There were two big news stories about Marines last week, perhaps you saw them. The first, an amazing story, was about Dakota Meyer, the first living Marine to receive the Medal of Honor for actions in Afghanistan or Iraq. Meyer, without a doubt, deserved our nation’s highest valor award — but he never should have gotten it.
The incident that became a six-hour fight, started on September 8, 2009 in the Kunar Province of Afghanistan. A group of American and Afghan troops went to meet with tribal elders, only to be ambushed along the way. Meyer and Staff Sgt. Juan Rodriguez-Chavez were about a mile away from the pinned down troops and could hear the ambush over the radio. One Marine said over the radio, “We are going to die out here,” and still commanders denied requests for extra firepower, helicopters and backup troops, according to the summary of an investigation into the incident. Several of the group of American and Afghan troops had already been killed when Meyer and Rodriguez-Chavez asked for permission to go in and help them. Four times they asked, and you can only imagine their helpless frustration as four times they were denied, being told each time that going in would be too dangerous and an airstrike would put Afghan civilians at risk.
But, defying orders, Meyer and Rodriguez-Chavez jumped into their Humvee and went in anyway, with Meyer manning a the turret gun. They began rescuing the wounded and carrying them to a safer spot from which they could be medievaced. They made five trips in all, venturing back into heavy fire each time and — eventually — being joined by just other American troops who aided in the rescue. All told, Meyer and Rodriguez-Chavez saved the lives of 13 U.S. Marines and soldiers and 23 Afghan soldiers. Rodriguez-Chavez received the Navy Cross, the second-highest valor decoration awarded to Marines. Meyer is credited with killing at least eight members of the Taliban. Still, four members of Meyer’s team, his buddies, died: 1st Lt. Michael Johnson, Staff Sgt. Aaron Kenefick, Petty Officer Third Class James Layton and Gunnery Sgt. Edwin Johnson, and for that Meyer says he feels like a failure.
Of course, we know that Meyer is far from a failure, but there were many failures that day, largest among them the failure of Meyer’s commanders to act with even a fraction of the bravery Meyer showed. For him and Rodriguez-Chavez to have to listen to their friends die on the radio, knowing they were only a mile away, and to be denied — FOUR TIMES! — permission to help, is a colossal leadership failure and a confidence killer for all American troops. We should certainly try to minimize civilian casualties, but American military leaders should never ignore their own troops pleas for help in order to protect Afghans. Meyer most certainly deserves the Medal of Honor, and then some, but he should have never been in the position to earn it. Air support might have kept his friends alive and prevented Meyer and Rodriguez-Chavez from having to defy orders in order to act with honor — but their commanders didn’t have anywhere near their courage. The investigation report called the actions of key leaders at the battalion level “inadequate and ineffective, contributing directly to the loss of life that ensued.” Thankfully, one of the investigation’s recommendations was “when in doubt, our bias must be to support troops in contact.”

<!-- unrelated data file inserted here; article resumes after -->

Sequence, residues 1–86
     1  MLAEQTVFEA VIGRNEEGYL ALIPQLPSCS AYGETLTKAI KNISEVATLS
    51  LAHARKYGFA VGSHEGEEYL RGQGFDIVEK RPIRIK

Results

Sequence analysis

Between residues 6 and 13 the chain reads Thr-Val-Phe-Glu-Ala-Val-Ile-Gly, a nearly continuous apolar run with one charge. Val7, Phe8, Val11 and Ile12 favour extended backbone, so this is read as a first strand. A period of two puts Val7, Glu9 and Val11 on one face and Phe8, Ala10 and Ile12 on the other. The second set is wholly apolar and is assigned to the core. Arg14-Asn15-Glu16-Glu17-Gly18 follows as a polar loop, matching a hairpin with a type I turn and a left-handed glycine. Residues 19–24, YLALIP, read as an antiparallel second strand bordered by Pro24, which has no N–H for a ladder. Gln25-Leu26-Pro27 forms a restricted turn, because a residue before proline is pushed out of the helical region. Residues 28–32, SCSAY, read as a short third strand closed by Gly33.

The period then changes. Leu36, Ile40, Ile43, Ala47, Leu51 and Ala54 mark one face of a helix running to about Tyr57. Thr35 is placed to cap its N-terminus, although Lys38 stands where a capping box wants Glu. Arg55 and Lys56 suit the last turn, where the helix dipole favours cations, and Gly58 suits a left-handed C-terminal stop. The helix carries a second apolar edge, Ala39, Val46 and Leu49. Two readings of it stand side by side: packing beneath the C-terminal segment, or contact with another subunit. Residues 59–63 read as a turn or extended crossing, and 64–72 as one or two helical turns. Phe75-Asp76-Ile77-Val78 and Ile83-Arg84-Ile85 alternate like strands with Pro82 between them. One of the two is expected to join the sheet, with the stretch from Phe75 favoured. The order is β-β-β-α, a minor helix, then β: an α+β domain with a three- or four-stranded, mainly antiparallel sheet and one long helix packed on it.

And then there was another story, a far different story, about a Marine also in the news this week. It is a sad story on so many levels but, like Meyer’s story, the theme of those in charge refusing to act is the same.
This story involves Marine Lance Cpl. Harry Lew, a young man whose present appeared to him to be so grim that he chose to surrender his future in order to escape. Lew, in the pre-dawn hours of April 3, put the barrel of his gun into his mouth and pulled the trigger, ending his life and bringing on untold heartbreak for all who loved him.
Lew’s story might have ended as another tragic and frustratingly incomprehensible suicide had he just been a regular lance corporal. But he was a lance corporal who happens to have a aunt in Congress, and so his death has now turned into a scandal, one that likely won’t end until someone is made to pay. Unfortunately, those someones will likely be the wrong people.
Here’s what happened: Four months into his deployment to Afghanistan, Lew was sent to join a squad at Patrol Base Gowragi — a remote outpost in the Helmand province. For those not familiar with Afghanistan, the Helmand Province is pretty much the worst place you can be. It is the home of the Taliban and tends to be the scene of some of the fiercest fighting, including the infamous “surge” that has claimed the lives of so many Marines this year. Furthermore, a “Patrol Base” is far different than a “base.” At the big bases there are thousands of people, tremendous amounts of security and even fun ways for bored troops to bide their time. At a Patrol Base the man power is much slimmer and all are called on to perform a variety of functions. There are no Burger Kings or karaoke nights; just fighting, sleeping and guard duty shifts.